Rainy week here, but should be nice at VIR this weekend. Getting ready to hit the road Friday.
First, make sure the GPness Poncho is good to go. I bought this cover from Roadster Solutions. It’s designed to fit a MINI cabrio, with top up or down. But not with NO top. I tested it previously, and it just needed something (“garters”) to hold it in place on the “hips” of the car. The Roadster Solutions folks sold me a few extra hold down straps with bendable padded hooks, and I sewed two of them on yesterday. Works perfectly.
Finally, if I’m going to be driving a lot of miles to and from places, cruise control would be nice.
On the old car, I gave up cruise when I did the transmission swap. With the auto body harness, there were key bits missing (like clutch pedal switch wiring) that are necessary to support cruise. But with the new car, theoretically, cruise should be an option again.
But… I still want to keep my pretty carbon fiber steering wheel trim, instead of the ugly multifunction steering wheel (MFSW) buttons. Some of you may recall, on the old car, I did a hardware hack to use my old automatic shift paddles to control stereo volume. I decided to try a variant of this, to use the paddles to run the cruise control system…
The paddles are designed to connect together and act interchangeably, so pushing or pulling either one would close one of two circuits. For the cruise, I need to simulate four button presses, so I’ll need to separate the paddles and wire them independently.
The MFSW pods work in sort of a master/slave configuration. The right side with cruise is the master with most of the electronics on it (e.g. for translating button presses to bus messages), and the steering wheel MFSW harness plugs into this. Then it has a connection to the left side audio/bluetooth pod, which is really just sort of a “dumb” board with buttons.
Buttons on both pods work the same way. The circuit board has two pairs of contact pads under each button (the things that look like gold circles with an “S” through them). On each pair of contact pads, the “outer” half of the contacts is a common ground shared by all the pads; the “inner” half is the “signal” pad.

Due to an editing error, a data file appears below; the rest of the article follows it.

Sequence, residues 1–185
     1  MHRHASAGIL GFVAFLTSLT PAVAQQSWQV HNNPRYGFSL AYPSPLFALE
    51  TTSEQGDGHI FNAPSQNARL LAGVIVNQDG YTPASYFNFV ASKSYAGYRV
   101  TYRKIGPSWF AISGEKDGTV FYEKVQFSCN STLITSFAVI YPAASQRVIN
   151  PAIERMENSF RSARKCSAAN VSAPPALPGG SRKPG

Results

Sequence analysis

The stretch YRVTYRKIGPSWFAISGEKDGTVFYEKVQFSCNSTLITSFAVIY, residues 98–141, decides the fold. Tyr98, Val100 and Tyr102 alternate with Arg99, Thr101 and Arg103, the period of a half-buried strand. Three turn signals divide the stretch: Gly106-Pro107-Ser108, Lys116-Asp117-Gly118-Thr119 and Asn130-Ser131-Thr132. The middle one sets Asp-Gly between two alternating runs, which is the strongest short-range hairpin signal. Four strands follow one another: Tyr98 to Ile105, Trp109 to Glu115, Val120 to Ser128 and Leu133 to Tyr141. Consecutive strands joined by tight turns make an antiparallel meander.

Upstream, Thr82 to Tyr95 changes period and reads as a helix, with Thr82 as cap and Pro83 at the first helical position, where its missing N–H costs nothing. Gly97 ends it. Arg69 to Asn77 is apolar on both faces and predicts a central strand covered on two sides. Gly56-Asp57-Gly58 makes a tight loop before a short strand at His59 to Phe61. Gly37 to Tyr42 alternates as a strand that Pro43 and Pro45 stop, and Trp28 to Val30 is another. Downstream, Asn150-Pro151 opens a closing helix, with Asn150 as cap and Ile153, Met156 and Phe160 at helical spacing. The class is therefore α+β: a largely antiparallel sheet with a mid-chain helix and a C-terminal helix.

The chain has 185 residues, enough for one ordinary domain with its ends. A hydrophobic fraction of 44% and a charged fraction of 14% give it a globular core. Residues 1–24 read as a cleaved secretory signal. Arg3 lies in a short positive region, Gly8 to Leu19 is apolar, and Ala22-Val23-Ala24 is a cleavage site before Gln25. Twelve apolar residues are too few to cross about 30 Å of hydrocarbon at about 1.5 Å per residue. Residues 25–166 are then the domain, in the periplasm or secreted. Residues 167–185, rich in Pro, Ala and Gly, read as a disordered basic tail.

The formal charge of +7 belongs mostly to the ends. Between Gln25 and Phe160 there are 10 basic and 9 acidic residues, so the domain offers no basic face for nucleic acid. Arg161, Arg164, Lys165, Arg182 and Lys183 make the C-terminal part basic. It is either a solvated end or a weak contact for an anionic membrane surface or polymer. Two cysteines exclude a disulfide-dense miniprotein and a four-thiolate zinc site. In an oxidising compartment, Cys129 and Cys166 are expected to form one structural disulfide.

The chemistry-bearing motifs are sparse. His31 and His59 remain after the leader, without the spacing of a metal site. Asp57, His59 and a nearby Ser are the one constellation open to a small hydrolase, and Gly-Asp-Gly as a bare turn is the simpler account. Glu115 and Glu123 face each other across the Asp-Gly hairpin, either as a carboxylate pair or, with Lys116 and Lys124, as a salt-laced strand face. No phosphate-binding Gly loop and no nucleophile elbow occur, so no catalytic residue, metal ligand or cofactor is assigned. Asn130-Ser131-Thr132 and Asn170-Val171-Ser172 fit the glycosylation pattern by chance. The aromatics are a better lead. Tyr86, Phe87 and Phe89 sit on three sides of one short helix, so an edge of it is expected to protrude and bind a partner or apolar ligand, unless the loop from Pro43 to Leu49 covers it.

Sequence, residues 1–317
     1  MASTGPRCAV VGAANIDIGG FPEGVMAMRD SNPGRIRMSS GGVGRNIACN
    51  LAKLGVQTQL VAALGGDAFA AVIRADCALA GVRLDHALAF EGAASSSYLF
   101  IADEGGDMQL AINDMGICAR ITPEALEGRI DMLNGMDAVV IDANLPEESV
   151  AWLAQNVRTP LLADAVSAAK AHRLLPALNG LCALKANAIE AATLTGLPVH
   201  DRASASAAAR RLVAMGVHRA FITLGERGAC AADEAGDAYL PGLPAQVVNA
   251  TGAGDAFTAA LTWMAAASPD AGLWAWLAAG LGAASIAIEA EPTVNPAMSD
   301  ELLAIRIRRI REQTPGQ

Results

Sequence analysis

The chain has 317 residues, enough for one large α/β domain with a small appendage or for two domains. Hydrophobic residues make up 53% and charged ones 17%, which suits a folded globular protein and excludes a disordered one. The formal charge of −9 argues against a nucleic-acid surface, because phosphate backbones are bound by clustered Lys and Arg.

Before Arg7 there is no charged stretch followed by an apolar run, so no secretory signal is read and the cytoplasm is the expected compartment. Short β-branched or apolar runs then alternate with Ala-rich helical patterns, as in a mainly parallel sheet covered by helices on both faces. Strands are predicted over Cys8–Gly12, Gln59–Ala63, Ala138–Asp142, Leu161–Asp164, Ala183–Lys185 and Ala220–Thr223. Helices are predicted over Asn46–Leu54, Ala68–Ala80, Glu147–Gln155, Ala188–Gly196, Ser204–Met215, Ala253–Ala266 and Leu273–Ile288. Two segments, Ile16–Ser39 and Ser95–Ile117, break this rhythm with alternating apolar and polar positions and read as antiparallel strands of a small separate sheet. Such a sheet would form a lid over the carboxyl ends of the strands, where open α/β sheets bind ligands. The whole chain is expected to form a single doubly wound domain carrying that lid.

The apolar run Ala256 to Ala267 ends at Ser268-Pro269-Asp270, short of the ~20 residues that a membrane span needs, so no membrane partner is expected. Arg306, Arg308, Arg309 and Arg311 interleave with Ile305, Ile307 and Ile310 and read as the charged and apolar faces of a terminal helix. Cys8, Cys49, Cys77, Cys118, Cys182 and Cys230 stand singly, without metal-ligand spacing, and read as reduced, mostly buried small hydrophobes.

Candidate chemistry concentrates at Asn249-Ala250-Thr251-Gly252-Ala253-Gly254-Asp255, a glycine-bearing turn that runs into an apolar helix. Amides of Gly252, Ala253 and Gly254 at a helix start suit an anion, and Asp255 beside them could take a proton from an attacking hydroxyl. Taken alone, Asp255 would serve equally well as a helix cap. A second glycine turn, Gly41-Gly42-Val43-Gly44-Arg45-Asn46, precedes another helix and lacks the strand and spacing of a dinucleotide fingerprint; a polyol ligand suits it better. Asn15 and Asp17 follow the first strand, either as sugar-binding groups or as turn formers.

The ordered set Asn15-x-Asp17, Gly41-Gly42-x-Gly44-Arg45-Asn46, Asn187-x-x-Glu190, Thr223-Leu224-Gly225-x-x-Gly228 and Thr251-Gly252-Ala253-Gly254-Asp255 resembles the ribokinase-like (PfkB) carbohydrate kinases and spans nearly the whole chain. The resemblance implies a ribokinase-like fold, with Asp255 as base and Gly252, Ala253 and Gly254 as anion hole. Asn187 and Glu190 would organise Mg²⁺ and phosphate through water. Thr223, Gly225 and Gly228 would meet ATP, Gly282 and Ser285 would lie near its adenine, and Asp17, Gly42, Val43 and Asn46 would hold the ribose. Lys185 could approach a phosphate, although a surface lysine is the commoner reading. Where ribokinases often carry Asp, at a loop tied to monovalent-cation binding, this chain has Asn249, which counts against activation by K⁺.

Pressing the button shorts across one or both pairs of contacts with a conductive rubber button. I’m replacing the “shorting” action of the rubber button, with a circuit through the appropriate shift paddle. I do this by very carefully soldering jumper wires to the appropriate contact pads, and wiring these to the paddles.
On each paddle, there are three wires connected to the paddle switch: Red, Green and Brown. Pulling a paddle closes a circuit on the Green and Brown wires. Pushing a paddle closes a circuit on the Green and Red wires. So Green acts as a common ground for the switch.
Separate the paddles, tie green from both sides to one of the “ground” pads on the MFSW cruise button pod, and tie the other four wires to the signal pads as appropriate. In my case, I’m making the left paddle do on/off (push) and resume (pull), and the right paddle does +/accel (pull) and -/coast (push).
That’s a good sign. On/off works as it should. I’ll do a full operational test as soon as it stops raining.
Hardwired my V1 and mounted it on the cabrio windshield header panel.
Ran charging cable for my roll cage iPhone mount, that I use with Harry’s Lap Timer.
Test drove between storms here. Stark Industries flappy paddle cruise control TOTALLY WORKS, first attempt. Amazing.